Stories from July, 2019
Ukraine’s political life is increasingly lived online. But with political ads and data security poorly regulated, networked politics is open to manipulation.
Online photo collection gives inside glimpse of Occupation-era Japan—and saga of Japanese-American internment
The Theodore Akimoto Family Collection features more than 250 photographs of postwar Japan.
A local newspaper exposé shows how government contracts have contributed to the flourishing of gang culture in Trinidad and Tobago.
As China strengthens its already robust trade and infrastructural ties with Africa, Chinese-government funded Confucius Institutes to teach Chinese Mandarin are on the rise.
Despite its location on the Myanmar side of the border, on a stroll around the town, you may believe you’re in China.
The lives of 9 million people are affected in southern India, as Chennai, one of the six fastest-growing cities in the world, faces the worst water crisis in its history.
The Saudis supply Sudan’s Rapid Support Forces with money and arms. When the US does arms deals with Saudi Arabia they’re essentially supporting RSF.
It's not just President Jair Bolsonaro who defends child labor—wealthy Brazilians think it's fine too
"If you think the struggle against child labor is meant to stop you from selling chocolate at school to pay for your tennis lessons, you didn’t understand anything."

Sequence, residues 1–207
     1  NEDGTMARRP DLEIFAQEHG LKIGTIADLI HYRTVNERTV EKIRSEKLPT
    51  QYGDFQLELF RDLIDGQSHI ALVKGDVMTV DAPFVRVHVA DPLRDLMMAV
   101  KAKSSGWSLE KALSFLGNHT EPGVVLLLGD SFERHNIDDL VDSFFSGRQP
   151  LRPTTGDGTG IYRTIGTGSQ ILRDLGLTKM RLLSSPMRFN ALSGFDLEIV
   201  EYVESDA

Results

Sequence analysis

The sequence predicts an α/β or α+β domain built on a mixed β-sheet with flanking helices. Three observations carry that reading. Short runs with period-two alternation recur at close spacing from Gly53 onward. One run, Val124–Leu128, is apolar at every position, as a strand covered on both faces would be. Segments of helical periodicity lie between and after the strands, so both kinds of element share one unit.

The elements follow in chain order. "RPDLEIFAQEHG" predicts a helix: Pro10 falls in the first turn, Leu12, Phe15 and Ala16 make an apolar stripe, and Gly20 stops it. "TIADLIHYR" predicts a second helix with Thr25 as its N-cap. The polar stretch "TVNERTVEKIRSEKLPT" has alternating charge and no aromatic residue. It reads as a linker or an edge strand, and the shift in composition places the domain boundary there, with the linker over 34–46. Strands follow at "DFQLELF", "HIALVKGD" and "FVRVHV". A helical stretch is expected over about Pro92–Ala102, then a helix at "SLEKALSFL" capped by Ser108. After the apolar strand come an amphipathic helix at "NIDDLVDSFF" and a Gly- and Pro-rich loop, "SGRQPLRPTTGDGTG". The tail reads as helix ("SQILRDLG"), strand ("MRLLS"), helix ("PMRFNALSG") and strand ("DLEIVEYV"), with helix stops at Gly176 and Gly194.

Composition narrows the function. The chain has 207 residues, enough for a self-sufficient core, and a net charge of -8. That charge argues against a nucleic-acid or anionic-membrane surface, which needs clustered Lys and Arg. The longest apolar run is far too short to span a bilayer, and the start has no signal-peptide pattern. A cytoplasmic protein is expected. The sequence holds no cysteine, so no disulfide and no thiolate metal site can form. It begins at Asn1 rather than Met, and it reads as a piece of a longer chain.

"At least 45 people were hospitalized and one was left in critical condition as a result of the mob attack."
"I started filming my walks just for fun and additional reason to go outside."
With no end in sight, Hong Kong's anti-extradition protests have evolved into a series of demonstrations in local districts.
"The charges are meant to silence and persecute human rights lawyers, opposition leaders, and the church, and to send a message to anyone who dares to criticize this administration."
"As a Hong Konger, I am touched....Thank you for giving us strength to carry on."
Eight people have been detained across Bangladesh for spreading ‘Human heads and blood will be sacrificed for Padma Bridge pillars’ rumors on Facebook.
Government officials have repeatedly described access to social media as a potential threat, hinting that more disruptions would not be ruled out in the future.
Netizen Report: In Nigeria and Russia, laws against online ‘insult’ put internet activists on thin ice
Activists in Nigeria and Russia face charges for "online insult", a Twitter campaign targets "anti-Pakistan" journalists abnd Mauritania’s internet is back on, for now.
Tired of the spiralling crime in her community, former national news anchor Coleen Holder continues to speak out, despite death threats against her.
Professor Francis Li shared insights into protesters' organization strategies and discussed the future of the movement during a public salon at the Hong Kong cafe Brew Note.
State-appointed “handwriting experts” stepped in and discovered palpably absurd reasons to invalidate hundreds of signatures collected in support of independent candidates.
"We believe that punitivism should not be the way for regulation, but since we live in a society tha only reorganizes itself with laws, it is an important decision."